Automotive Supplier Execs: Three Keys to a Fast, Worry-Free IATF 16949:2016 TransitionFebruary 27, 2018
Tick-tock…tick-tock-there's a deadline looming for metalformers, toolmakers and service providers in the automotive supply chain. All automotive-part manufacturers and service providers currently certified to ISO/TS 16949 must transition their quality-management system (QMS) to the new IATF 16949:2016 standard required by most automotive OEMs by September 14, 2018.
After September 14, legacy certificates of compliance, proudly held for years, will become officially obsolete, regardless of recent surveillance-audit results. Automotive suppliers, where their customers require compliance as a condition of providing products and services, must migrate to the latest automotive QMS standard. If a supplier receives a major finding (major nonconformity) and, therefore, fails to achieve certification in an original transition audit, it may be weeks or months before a follow-up audit visit can be scheduled to resolve the major finding. A missed September deadline may be the result. Furthermore, those not transitioning to IATF 16949 may lose business from their automotive customers.
This industry dynamic presents a tremendous opportunity for automotive suppliers to proactively minimize risk and assure customer satisfaction by embracing the principles and requirements of IATF 16949. Transitioning a QMS to comply with this new standard can be accomplished with a focused, thoughtful and enterprise-wide initiative led by engaged senior leadership and frontline managers.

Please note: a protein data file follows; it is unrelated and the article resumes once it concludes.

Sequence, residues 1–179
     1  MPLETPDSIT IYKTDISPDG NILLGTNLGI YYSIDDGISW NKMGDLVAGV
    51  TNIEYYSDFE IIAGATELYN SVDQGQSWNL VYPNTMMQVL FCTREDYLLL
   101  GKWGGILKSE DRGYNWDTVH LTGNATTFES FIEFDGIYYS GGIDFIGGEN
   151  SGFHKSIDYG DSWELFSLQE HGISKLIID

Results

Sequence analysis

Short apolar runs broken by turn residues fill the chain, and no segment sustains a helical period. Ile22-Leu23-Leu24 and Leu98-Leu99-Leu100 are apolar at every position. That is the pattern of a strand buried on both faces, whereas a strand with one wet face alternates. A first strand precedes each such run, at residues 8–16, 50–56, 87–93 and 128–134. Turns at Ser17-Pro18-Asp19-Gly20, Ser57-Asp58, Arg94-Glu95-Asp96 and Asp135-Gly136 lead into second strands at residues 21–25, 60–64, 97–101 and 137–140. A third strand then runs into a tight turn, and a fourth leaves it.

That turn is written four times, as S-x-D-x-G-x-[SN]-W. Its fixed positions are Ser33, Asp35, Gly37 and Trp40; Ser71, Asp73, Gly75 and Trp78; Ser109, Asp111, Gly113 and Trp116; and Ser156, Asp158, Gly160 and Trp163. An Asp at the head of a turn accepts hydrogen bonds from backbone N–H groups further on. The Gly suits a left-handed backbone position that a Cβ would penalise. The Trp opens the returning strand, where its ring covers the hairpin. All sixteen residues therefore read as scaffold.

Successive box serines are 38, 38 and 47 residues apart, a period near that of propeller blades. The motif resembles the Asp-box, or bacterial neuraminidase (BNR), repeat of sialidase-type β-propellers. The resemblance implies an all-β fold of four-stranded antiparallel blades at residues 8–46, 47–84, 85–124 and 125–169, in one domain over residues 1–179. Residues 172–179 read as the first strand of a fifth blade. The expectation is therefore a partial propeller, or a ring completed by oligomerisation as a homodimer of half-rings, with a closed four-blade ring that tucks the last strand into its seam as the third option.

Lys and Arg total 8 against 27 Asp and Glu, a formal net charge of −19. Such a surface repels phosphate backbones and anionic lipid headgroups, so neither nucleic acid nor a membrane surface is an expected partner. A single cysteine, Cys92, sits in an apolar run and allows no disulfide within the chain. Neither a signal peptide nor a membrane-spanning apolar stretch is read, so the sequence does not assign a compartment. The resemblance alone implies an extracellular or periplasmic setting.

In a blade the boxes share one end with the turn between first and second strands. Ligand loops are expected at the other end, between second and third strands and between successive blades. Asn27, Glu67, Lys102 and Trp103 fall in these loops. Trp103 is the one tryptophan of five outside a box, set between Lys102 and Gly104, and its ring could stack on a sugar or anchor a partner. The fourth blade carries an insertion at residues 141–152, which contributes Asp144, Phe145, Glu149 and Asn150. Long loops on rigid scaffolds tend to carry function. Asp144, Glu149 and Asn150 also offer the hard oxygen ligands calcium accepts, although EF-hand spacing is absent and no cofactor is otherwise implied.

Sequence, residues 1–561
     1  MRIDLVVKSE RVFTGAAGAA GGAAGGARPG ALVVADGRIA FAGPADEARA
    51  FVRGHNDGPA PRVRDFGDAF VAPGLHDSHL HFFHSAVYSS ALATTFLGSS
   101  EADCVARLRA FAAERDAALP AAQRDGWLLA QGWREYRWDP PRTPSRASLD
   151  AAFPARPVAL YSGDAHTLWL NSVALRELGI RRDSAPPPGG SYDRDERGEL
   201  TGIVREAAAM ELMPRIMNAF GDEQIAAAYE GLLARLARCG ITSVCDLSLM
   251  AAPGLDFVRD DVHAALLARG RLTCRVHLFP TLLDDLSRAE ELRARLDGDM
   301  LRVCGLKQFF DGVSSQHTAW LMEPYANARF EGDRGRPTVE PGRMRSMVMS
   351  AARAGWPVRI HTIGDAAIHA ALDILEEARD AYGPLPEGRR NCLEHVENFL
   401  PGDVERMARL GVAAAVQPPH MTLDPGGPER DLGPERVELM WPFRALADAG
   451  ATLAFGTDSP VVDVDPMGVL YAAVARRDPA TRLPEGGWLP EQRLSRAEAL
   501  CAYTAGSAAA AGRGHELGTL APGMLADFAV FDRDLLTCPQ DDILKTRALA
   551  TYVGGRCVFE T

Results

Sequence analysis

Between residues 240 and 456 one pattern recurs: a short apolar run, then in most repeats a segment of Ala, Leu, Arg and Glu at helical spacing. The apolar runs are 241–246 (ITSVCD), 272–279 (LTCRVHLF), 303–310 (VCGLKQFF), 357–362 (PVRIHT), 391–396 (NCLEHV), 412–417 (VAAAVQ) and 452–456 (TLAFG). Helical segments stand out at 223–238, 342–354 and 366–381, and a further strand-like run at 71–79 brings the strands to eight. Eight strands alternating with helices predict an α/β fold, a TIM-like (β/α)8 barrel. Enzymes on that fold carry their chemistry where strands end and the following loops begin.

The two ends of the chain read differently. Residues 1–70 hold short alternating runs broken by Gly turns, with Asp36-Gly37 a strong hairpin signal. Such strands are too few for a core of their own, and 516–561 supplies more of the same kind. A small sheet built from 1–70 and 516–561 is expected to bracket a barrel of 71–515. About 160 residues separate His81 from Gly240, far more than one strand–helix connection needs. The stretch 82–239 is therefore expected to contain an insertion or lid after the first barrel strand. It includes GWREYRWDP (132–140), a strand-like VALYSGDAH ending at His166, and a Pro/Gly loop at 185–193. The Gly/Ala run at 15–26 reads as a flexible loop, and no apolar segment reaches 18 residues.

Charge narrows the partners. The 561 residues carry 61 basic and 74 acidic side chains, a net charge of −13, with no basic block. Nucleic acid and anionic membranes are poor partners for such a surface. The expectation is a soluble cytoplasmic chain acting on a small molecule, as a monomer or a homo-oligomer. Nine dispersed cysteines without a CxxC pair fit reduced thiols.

So, how can your organization assure a timely and successful automotive QMS transition? Here are three keys:1) Update your QMS around your own business processes, not the IATF 16949:2016 standard's structure.
Some organizations may be tempted to update their QMS with a list of IATF 16949 headings, sections, sub-sections and clauses into which they try to fit pieces of their actual business-process definitions. Quality leaders at these organizations mistakenly believe that organizing their QMS to mimic the IATF 16949 structure will make it easier for a registrar to conduct interviews and assessments during an audit. Unfortunately, this approach can cause the updated QMS to appear foreign and complex to colleagues in the organization responsible for business, operations and management processes. If process owners are uncomfortable with a stylized QMS structure not based on their own processes, they may not respond efficiently and accurately to the auditor during onsite interviews and QMS reviews. This can increase the risk of cited nonconformities.